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In 1928 during a séance Harvey Metcalfe took flashlight photographs of Duncan which reveal fraudulent ectoplasm "spirits" such as a doll made from a painted papier-mâché mask draped in an old sheet. In 1931 the London Spiritualist Alliance examined Duncan's mediumship and concluded she was a fraud. An early examination of pieces of Duncan's ectoplasm revealed it was made of cheesecloth, paper mixed with the white of egg and lavatory paper stuck together. Duncan refused to be investigated by the Society for Psychical Research, even claiming she wouldn't do it for a million pounds; however, she was investigated by some psychical researchers such as Harry Price.
One of Duncan's tricks was to swallow and regurgitate some of her ectoplasm and according to Haynes (1982) she was persuaded to swallow a tablet of methylene blue before one of her séances by the London Spiritualist Alliance to rule out any chance of this trick being performed and no ectoplasm appeared. An investigation by the psychical researcher Harry Price into the mediumship of Duncan revealed she was using natural substances such as cheesecloth and eggs mixed with paper as ectoplasm in her séances (see below). It has also been suggested by some researchers that Duncan achieved some of her tricks with the help of an accomplice. In 1933 at a séance in Scotland a little girl called Peggy emerged in the séance room, someone grabbed her and the lights were turned on and the spirit was revealed to be Duncan. She was prosecuted and fined £10. Later Duncan was caught cheating again, pretending to be a spirit in the séance room; this time Duncan and four of her traveling companions were prosecuted, convicted and sentenced to nine months in prison.
Harry Price investigation
The psychical researcher Harry Price investigated Duncan at his laboratory and exposed her as a fraud in 1931. Because Duncan had been swallowing natural substances to regurgitate in the séance room for her ectoplasm, she declined to be X-rayed by some of the psychical researchers who investigated her, went out into the street and made a scene. According to Harry Price in a report of the mediumship of Duncan:
“”At the conclusion of the fourth séance we led the medium to a settee and called for the apparatus. At the sight of it, the lady promptly went into a trance. She recovered, but refused to be X-rayed. Her husband went up to her and told her it was painless. She jumped up and gave him a smashing blow on the face which sent him reeling. Then she went for Dr. William Brown who was present. He dodged the blow. Mrs. Duncan, without the slightest warning, dashed out into the street, had an attack of hysteria and began to tear her séance garment to pieces. She clutched the railings and screamed and screamed. Her husband tried to pacify her. It was useless. I leave the reader to visualize the scene. A seventeen-stone woman, clad in black sateen tights, locked to the railings, screaming at the top of her voice. A crowd collected and the police arrived. The medical men with us explained the position and prevented them from fetching the ambulance. We got her back into the Laboratory and at once she demanded to be X-rayed. In reply, Dr. William Brown turned to Mr. Duncan and asked him to turn out his pockets. He refused and would not allow us to search him. There is no question that his wife had passed him the cheesecloth in the street. However, they gave us another séance and the "control" said we could cut off a piece of "teleplasm" when it appeared. The sight of half-a-dozen men, each with a pair of scissors waiting for the word, was amusing. It came and we all jumped. One of the doctors got hold of the stuff and secured a piece. The medium screamed and the rest of the "teleplasm" went down her throat. This time it wasn't cheesecloth. It proved to be paper, soaked in white of egg, and folded into a flattened tube… Could anything be more infantile than a group of grown-up men wasting time, money, and energy on the antics of a fat female crook?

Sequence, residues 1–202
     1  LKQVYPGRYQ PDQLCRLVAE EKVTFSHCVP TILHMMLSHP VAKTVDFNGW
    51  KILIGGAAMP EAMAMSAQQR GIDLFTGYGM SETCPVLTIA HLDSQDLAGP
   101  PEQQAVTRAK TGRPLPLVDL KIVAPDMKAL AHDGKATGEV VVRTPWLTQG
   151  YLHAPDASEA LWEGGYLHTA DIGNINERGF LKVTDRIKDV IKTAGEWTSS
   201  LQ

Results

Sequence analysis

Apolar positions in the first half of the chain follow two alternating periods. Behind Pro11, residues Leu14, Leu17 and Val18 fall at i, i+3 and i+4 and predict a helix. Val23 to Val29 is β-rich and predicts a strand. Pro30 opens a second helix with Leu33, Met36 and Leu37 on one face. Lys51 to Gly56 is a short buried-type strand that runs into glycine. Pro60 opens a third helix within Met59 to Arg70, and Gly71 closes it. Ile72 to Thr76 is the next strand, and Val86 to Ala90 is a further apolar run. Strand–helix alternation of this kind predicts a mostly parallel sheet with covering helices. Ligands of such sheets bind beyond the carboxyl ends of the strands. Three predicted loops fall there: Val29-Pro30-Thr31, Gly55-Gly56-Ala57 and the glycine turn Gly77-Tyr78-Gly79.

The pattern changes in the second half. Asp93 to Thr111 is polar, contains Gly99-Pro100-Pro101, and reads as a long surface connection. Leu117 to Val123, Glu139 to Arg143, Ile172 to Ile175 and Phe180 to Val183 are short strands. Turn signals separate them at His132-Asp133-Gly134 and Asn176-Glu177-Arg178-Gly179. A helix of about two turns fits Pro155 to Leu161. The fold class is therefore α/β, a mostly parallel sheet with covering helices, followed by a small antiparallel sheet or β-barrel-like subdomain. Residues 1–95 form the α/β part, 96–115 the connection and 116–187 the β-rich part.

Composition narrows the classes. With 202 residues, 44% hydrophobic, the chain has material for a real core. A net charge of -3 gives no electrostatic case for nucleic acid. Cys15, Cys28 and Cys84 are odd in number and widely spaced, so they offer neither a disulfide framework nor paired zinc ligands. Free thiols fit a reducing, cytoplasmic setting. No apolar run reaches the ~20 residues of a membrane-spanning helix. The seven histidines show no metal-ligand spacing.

Harry Price and his team of investigators took many photographs of Duncan which revealed her fraudulent ectoplasm to be made from cheesecloth, rubber gloves and cut-out heads from magazine covers which she would pretend to her audience were spirits. Following the report written by Price, Duncan's former maid Mary McGinlay confessed in detail to having aided Duncan in her mediumship tricks, and Duncan's husband admitted that the ectoplasm materialisations were the result of regurgitation.
In 1956, the Nottingham police raided another of Duncan's séances and found evidence of fraud. She became ill and died after a month, 59 years old. Contrary to what spiritualists have written there was nothing odd about her death and it was not caused by her "trance" being disturbed by the police. Duncan's medical records showed that she had a long history of ill health and as early as 1944 she was described as an obese woman who could only move slowly as she suffered from heart trouble.
- Simeon Edmunds (1966) Spiritualism: A Critical Survey Aquarian Press.
- Renée Haynes (1982) The Society for Psychical Research 1882-1982: A History London: MacDonald & Co.
- Helena Normanton The Trial of Mrs. Duncan Edited with a Foreward by C. E. Bechhofer Roberts, Jarrolds Publishers, 1945.
- Harry Price (1931) Regurgitation and the Duncan Mediumship (Bulletin I of the National Laboratory of Psychical Research, 120pp with 44 illustrations.)
- A report written by Harry Price on the mediumship of Helen Duncan in Paul Tabori The Art of Folly 1961
- Nothing unexplained about Helen Duncan